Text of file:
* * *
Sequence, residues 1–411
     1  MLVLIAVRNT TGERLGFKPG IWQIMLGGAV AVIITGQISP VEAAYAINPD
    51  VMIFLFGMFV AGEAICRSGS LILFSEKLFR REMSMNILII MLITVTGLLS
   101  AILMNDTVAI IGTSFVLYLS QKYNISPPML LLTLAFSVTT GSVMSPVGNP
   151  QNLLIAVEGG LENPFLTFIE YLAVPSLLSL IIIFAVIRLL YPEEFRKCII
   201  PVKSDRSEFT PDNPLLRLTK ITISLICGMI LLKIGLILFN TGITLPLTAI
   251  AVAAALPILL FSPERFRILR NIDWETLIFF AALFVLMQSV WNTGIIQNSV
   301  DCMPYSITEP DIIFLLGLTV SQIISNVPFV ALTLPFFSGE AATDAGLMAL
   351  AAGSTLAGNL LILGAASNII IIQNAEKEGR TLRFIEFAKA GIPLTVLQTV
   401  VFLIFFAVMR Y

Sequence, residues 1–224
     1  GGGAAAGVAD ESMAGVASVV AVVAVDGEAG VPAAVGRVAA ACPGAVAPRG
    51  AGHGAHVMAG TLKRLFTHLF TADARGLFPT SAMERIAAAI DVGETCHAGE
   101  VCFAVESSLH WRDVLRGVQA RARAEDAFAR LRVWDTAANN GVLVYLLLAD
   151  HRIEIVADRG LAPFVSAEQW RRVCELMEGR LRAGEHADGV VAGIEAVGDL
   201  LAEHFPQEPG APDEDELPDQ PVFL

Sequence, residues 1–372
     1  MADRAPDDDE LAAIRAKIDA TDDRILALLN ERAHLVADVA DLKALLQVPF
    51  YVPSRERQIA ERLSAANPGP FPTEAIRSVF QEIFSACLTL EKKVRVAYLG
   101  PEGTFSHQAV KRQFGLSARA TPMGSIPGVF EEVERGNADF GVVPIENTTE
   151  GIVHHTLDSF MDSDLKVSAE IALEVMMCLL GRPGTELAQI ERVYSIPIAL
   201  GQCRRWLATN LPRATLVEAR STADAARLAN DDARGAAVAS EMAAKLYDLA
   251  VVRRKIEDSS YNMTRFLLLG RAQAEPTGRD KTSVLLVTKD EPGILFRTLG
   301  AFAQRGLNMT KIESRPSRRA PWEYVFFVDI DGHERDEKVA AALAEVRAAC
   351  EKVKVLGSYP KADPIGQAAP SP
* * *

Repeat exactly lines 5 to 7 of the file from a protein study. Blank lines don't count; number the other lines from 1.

   151  QNLLIAVEGG LENPFLTFIE YLAVPSLLSL IIIFAVIRLL YPEEFRKCII
   201  PVKSDRSEFT PDNPLLRLTK ITISLICGMI LLKIGLILFN TGITLPLTAI
   251  AVAAALPILL FSPERFRILR NIDWETLIFF AALFVLMQSV WNTGIIQNSV